Removing the sump pan can involve removing or raising the engine. If so the repair is best left to a local main dealer. On certain cars it may also mean taking off the gearbox. If you are in any doubt, consult a dealer.
Removing, checking and refitting the pump
Put a tray or rag under the engine to collect any drips of oil, and unscrew the bolts securing the pump to the
As you withdraw the pump, mark the position of the pump
so it can be put back in exactly the same way.
The drive shaft sometimes drives the
as well (check in the service manual). On such engines, remove the
and mark the position of the rotor arm.
If the rotor arm is moved at any time — if the engine is turned, for example the
will have to be reset (See
Adjusting the static timing
On externally mounted pumps with a skew
, the gear can usually be put back in any position.
Use a rag dipped in petrol and, if necessary, a scraper tool to carefully remove dirt and any
remains from the pump mounting
Be careful not to damage the mounting faces on the pump or engine. Usually only externally mounted pumps have a gasket.
Run the engine very gently until the oil
builds up to normal, then check for oil leaks.
Checking an oil-pressure relief valve
The oil-pressure relief
is usually fitted in the oil-pump body, sometimes in the engine block.
The valve consists of a ball or plunger held by a spring. If the engine has low oil pressure (indicated by the
or oil-pressure warning light), the relief valve may not be seating properly. The cause may be a weak or broken relief spring, dirty engine oil or a worn oil pump.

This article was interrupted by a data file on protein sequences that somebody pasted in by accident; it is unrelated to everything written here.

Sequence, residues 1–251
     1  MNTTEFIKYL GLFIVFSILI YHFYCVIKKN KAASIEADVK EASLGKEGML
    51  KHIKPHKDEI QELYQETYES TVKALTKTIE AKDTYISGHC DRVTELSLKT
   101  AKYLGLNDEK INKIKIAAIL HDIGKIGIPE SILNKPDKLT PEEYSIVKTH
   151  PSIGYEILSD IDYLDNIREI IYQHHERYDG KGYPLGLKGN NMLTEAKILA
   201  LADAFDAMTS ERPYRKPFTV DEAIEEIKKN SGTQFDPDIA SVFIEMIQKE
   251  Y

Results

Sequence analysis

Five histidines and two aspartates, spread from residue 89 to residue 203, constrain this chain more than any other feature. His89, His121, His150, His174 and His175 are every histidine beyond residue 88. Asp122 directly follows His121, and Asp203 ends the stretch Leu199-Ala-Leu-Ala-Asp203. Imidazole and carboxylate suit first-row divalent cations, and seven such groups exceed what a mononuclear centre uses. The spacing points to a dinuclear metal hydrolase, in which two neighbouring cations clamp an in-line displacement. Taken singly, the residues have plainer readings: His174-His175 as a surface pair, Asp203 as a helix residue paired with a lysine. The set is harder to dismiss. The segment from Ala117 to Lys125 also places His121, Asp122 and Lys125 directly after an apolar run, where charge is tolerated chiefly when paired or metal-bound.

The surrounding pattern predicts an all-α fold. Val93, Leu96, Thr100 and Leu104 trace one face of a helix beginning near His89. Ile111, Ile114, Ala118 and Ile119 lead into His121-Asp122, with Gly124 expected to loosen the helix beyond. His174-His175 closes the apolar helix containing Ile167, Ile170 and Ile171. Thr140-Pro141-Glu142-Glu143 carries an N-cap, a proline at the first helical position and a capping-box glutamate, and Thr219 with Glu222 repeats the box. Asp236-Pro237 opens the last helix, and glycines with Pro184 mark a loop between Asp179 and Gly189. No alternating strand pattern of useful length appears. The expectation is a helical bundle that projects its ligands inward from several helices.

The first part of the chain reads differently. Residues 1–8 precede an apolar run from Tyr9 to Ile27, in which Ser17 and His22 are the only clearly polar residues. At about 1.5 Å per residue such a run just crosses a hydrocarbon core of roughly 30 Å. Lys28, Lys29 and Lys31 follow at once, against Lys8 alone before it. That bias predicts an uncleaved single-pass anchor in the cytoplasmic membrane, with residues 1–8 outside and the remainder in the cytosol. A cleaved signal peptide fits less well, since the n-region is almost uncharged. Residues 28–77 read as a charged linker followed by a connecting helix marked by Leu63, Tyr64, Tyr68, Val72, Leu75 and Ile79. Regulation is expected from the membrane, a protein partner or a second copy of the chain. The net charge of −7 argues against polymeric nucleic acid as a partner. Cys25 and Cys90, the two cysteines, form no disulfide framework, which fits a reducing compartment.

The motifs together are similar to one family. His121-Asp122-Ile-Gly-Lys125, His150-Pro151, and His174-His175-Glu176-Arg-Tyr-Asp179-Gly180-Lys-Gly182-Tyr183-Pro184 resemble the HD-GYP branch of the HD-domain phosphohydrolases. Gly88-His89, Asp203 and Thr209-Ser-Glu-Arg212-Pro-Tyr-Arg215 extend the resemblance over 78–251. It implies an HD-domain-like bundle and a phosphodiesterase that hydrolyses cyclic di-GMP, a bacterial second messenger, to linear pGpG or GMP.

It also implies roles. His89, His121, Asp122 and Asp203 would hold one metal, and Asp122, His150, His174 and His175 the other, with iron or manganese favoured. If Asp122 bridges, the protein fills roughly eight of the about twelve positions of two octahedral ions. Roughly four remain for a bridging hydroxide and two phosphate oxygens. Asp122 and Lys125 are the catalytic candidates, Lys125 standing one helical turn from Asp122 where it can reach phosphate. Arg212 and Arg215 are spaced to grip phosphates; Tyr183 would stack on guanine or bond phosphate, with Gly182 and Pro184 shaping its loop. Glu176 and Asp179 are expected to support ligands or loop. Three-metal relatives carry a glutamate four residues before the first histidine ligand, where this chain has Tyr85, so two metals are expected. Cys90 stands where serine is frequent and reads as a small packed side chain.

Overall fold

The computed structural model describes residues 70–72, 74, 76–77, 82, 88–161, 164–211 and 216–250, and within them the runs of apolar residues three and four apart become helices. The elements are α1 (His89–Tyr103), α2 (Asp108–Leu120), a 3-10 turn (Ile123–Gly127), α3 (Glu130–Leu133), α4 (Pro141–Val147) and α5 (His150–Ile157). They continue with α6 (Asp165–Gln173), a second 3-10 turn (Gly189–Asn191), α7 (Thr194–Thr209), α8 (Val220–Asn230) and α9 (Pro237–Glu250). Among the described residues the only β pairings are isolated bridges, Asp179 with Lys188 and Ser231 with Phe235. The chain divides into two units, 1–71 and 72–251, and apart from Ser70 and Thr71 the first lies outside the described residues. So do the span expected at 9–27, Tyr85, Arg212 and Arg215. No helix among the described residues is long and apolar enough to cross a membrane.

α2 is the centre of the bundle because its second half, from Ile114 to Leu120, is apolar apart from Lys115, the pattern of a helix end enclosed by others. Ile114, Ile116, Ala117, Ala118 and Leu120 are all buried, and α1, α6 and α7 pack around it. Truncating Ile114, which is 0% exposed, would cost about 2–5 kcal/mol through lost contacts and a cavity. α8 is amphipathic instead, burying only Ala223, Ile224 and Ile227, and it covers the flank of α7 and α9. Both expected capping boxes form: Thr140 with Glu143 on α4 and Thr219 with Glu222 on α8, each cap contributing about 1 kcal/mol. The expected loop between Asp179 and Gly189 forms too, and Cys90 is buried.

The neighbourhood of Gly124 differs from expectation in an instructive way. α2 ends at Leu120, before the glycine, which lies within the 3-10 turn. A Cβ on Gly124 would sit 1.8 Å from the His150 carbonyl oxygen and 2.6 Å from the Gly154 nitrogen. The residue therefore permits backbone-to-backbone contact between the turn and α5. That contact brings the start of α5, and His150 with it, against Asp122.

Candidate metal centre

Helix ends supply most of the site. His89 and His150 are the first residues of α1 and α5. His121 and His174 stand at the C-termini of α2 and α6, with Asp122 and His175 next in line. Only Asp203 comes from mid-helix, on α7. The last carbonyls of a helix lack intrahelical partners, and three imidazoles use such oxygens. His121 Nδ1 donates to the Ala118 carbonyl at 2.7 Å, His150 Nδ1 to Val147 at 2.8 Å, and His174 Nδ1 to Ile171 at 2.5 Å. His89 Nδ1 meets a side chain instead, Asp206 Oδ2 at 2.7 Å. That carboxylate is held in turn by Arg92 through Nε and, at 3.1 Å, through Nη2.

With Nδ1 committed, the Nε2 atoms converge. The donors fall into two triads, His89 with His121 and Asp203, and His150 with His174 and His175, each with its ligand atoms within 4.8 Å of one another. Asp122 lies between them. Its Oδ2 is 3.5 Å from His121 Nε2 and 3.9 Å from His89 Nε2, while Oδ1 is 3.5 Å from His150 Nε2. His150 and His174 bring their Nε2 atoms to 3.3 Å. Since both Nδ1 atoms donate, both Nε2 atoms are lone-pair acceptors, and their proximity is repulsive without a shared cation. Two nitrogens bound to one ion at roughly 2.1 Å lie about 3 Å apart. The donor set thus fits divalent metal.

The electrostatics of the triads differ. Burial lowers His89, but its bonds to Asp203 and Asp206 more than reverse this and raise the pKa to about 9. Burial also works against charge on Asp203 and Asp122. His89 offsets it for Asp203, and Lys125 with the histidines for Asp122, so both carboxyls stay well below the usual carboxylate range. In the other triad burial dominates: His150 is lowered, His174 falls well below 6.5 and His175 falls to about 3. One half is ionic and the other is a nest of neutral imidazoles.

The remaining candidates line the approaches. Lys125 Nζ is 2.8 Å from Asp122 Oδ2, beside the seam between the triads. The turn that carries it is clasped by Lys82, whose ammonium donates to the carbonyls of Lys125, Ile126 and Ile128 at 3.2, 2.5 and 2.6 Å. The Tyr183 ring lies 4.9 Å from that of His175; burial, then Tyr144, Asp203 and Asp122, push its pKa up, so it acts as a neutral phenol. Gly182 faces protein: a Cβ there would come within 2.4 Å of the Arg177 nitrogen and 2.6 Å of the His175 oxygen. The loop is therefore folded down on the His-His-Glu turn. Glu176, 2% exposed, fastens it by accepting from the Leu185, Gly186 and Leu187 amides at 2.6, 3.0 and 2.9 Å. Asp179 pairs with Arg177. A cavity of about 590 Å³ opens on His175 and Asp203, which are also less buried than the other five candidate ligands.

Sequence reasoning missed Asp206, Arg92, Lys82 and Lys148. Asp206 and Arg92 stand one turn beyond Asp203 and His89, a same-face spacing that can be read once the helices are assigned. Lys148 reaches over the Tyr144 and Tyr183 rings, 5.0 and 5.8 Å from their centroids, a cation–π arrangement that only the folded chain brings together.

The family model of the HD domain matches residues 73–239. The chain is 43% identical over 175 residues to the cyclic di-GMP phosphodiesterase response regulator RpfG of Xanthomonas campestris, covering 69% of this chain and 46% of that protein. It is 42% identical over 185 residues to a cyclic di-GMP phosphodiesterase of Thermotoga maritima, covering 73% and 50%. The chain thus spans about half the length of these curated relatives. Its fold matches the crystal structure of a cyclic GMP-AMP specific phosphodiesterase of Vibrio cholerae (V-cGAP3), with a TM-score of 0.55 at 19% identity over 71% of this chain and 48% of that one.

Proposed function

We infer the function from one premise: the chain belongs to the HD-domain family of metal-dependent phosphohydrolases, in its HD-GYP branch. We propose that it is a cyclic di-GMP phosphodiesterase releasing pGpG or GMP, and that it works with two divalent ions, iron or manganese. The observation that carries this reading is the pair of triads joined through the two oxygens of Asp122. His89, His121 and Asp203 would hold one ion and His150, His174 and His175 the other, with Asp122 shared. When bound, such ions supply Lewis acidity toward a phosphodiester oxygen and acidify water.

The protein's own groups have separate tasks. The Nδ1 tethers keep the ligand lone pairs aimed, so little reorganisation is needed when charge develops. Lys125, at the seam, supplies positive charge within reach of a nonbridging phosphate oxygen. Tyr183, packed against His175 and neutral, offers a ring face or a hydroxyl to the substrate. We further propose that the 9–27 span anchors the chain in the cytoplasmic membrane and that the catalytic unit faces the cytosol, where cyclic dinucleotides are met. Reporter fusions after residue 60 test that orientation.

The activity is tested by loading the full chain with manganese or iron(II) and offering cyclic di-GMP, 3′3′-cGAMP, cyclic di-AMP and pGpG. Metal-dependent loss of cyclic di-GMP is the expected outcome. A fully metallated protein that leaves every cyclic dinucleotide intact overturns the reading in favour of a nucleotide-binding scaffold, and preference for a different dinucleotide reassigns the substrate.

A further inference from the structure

Most valves can be removed, but some types cannot. Before attempting to check the valve, you may have to check its position in a service manual for the car or by asking your local dealer.
If the valve is inside the oil pump, remove the pump. Unscrew the plug that holds the relief valve in the oil-pump body or engine block, and remove the
and plunger or ball.
If the ball or plunger is stuck in the valve
, try to release it by gently prodding with a thin screwdriver. Be very careful not to scratch or damage anything particularly the valve bore. Scratches in the bore, ball or plunger will allow oil to
its way past the valve, which will lower the oil pressure.
Clean all the parts thoroughly in paraffin, white spirit or petrol, and check the valve ball or plunger for signs of a ridge caused by wear or pitting.
Check the spring to see if any of the
are cracked. To check it for weakness, compare its length with that of a new spring.
Using a lint-free rag dipped in paraffin or petrol, clean the valve bore, making sure any blockage or deposits are removed.
If any of the relief-valve parts are worn, throw them away and buy a new valve assembly.
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There are two main types of oil seal: static and dynamic. A static oil seal fits between two non-moving parts, a dynamic oil seal between a stationary part and a moving one. Most oil seals are made of synthetic rubber.